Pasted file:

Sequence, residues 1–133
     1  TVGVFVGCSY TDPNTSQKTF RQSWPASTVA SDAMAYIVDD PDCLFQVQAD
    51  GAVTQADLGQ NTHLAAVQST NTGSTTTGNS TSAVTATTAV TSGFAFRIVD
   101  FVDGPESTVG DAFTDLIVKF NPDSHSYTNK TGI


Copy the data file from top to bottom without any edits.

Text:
Sequence, residues 1–133
     1  TVGVFVGCSY TDPNTSQKTF RQSWPASTVA SDAMAYIVDD PDCLFQVQAD
    51  GAVTQADLGQ NTHLAAVQST NTGSTTTGNS TSAVTATTAV TSGFAFRIVD
   101  FVDGPESTVG DAFTDLIVKF NPDSHSYTNK TGI